by Michaela Coplen, 18
Carlisle High School, Carlisle, Pennsylvania

For my mother, on the occasion of her military retirement

The plane’s wheels kiss the tarmac and hesitate,
pulling back achingly before pressing themselves

against it again, sighing with an almost-shudder when
the landing gear bows under the weight of a thousand

anxious stares (their eyes focused, squinting from where
they were told to stand, practicing patience with the wringing

and unwringing of hands and the quiet urgency of prayer,
their lungs wanting air in the five-minute forever of before),

then the plane stops, and the door opens wide, revealing
the sudden relief of the sound of soldiers stepping outside

as one by one, then all at once, they march toward the gate
(where a little girl waits, lurching from left to right, trying

to catch sight of her soldier through the crowd, standing on her
father’s shoulders to get a better view), and everyone searches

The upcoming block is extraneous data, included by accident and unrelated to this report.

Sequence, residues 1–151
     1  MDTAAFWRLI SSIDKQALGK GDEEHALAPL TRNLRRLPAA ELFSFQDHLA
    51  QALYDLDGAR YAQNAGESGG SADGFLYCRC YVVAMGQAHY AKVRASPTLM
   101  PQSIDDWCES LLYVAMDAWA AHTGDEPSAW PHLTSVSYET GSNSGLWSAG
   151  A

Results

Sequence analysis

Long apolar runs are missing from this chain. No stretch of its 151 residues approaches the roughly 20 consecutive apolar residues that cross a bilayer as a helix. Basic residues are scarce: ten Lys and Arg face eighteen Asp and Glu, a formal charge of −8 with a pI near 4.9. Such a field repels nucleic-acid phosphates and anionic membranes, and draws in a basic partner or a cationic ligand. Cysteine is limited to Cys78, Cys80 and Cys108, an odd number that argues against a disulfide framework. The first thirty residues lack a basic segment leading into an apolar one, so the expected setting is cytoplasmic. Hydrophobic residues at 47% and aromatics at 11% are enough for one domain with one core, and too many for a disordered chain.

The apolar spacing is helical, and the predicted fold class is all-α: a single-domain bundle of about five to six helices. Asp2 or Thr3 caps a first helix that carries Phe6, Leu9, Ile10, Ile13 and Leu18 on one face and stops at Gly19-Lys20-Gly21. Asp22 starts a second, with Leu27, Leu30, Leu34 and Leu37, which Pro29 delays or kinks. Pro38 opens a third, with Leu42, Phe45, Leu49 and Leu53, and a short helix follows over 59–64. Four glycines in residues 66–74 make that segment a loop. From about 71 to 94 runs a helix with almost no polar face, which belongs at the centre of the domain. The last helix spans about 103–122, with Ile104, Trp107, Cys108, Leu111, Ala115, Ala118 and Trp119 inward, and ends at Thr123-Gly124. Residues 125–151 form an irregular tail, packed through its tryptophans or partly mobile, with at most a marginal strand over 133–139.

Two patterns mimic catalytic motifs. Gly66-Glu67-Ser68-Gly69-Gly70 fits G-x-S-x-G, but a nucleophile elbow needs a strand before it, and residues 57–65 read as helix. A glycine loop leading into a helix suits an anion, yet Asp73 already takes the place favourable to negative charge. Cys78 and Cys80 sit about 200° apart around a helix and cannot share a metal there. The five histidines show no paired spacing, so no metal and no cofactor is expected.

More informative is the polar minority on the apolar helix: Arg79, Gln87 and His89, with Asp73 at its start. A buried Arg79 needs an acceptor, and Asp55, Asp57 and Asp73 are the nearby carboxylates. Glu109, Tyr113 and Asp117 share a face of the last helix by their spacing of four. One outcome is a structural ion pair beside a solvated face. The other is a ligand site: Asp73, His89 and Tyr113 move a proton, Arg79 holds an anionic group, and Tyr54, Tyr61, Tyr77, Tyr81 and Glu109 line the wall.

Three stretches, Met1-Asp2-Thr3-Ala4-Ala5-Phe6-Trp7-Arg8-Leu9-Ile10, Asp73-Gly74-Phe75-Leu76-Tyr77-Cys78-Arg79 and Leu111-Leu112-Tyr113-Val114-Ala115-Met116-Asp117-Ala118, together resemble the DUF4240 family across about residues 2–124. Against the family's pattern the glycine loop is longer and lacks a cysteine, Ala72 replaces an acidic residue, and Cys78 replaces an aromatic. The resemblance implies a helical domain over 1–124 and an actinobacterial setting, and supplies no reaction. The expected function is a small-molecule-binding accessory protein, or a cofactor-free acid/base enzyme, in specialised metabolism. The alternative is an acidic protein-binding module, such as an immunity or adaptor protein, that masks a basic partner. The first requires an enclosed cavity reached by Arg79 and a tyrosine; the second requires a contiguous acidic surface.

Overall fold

through the glaring light of noon for their own familiar
faces, all maintaining ranks until finally one lunges to embrace

his son—then the whole group runs together, moving
in slow motion through the loudness of banners and cheers—

and she appears, now striding by herself across
the seemingly endless divide, but pausing in the process,

inexplicably turning aside for one final look at the plane that
delivered her here, back to the children she loves with her life

and the country she loves like a child, before pivoting around
with a smile and floating, uninhibited, into the open arms of home.


Written in Response to "Fast Break" by Edward Hirsch